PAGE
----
This problem seems to arise because as humans we are finally trying to comprehend the machine that comprehends, we are trying to find out about a phenomenon which we are directly taking part in. This problem is a psychological one, we find it counter-intuitive to explain our own brains and paradoxes seem to arise when we do.

When Neils Bohr  began to understand the discrete energy levels within the hydrogen atom he did not pose the question 'what does it feel like to be or have this or that energy level' because he cannot become the hydrogen atom or energy level. Also it is not a useful question, the answer will only give us a qualitative description which will not help us improve our own cognition or mental illnesses.

Therefore, to understand consciousness i.e. the awareness, language, cognition and interaction of complex adaptive systems we must apply the scientific method and use our technology and ingenuity to formulate a verifiable  model of a conscious system. What mechanisms allow for the storage of visual information and its recitation upon the need for it in the future? These sorts of questions, specific questions, will allow us to gradually understand our brain and to understand consciousness and intelligence in general.

So to understand consciousness we should pursue with existing knowledge and experiment in the fields of neuroscience, biology, chemistry, molecular biology and physics.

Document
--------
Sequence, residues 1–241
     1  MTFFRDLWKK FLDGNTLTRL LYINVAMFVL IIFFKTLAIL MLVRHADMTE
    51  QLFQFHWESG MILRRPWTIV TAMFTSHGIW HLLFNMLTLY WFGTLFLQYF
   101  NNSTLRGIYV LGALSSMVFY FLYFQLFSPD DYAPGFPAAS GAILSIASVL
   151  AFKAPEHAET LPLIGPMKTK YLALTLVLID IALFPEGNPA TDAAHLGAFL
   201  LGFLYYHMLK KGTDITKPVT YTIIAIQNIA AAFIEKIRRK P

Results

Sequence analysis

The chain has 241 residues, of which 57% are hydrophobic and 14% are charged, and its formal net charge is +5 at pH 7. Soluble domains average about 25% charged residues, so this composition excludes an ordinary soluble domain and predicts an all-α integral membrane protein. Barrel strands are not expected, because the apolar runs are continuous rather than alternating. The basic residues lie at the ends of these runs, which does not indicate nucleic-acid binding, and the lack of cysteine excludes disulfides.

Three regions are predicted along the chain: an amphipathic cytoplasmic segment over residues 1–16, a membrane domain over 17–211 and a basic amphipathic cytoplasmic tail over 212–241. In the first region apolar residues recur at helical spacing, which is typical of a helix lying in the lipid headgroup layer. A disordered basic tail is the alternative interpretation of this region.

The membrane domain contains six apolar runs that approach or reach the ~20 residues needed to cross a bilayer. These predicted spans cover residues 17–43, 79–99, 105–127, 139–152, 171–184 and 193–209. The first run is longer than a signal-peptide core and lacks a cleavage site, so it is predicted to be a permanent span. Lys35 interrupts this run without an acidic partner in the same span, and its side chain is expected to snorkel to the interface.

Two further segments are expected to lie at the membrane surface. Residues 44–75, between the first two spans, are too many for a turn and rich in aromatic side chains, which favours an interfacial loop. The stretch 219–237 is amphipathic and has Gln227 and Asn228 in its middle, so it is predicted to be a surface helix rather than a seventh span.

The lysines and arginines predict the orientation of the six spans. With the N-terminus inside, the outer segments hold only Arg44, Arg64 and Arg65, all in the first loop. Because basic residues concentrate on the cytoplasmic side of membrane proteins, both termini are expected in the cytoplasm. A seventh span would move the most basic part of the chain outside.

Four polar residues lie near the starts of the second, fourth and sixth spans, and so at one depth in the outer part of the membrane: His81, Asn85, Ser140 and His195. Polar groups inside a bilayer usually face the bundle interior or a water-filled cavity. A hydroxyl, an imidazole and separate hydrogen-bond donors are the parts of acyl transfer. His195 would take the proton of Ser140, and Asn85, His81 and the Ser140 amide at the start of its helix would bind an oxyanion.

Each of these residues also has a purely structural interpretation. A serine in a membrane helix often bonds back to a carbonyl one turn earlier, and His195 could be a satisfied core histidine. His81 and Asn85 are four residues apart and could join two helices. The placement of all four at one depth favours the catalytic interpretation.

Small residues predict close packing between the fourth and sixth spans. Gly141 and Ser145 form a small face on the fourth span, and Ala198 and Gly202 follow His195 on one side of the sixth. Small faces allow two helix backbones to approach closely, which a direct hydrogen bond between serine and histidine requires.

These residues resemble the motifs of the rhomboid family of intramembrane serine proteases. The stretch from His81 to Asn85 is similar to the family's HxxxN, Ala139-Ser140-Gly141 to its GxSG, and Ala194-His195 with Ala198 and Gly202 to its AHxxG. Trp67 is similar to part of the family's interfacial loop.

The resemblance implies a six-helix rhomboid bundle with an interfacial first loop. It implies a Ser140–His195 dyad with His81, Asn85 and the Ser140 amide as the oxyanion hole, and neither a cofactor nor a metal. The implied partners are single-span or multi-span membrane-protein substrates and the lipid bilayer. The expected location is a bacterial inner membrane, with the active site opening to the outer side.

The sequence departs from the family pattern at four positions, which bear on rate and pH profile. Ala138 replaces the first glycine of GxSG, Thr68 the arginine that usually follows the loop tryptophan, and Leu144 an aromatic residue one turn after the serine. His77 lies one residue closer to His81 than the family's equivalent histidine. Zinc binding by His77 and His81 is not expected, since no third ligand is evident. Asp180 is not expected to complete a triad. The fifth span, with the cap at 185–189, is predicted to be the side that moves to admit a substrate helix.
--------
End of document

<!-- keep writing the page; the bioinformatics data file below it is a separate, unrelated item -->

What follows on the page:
What will come of our increased understanding?


As our knowledge of the brain increases we shall see its benefits firstly in the field of medicine, where conditions such as alzheimers, dementia and even autism could be understood better due to the understanding of the fundamental workings of the brain and cognition. If nano-technology becomes a reality then we can speculate and predict that nano-bots of technology could be installed in our brains to help keep the brain wired and even enhance our memory and reasoning processes.

Understanding the phenomenon of consciousness will also help us develop artificial intelligence and robotics. All we would need to do is simulate a brain or a machine similar to it and hey presto, a conscious robot.

This is a great scientific research project, it is at the frontiers of science and it is at the heart of our own existence as intelligent systems.

We are on the verge of comprehending the most sophisticated system in the known universe. It may take time, a lot of Phds and money but my god will it be worth it!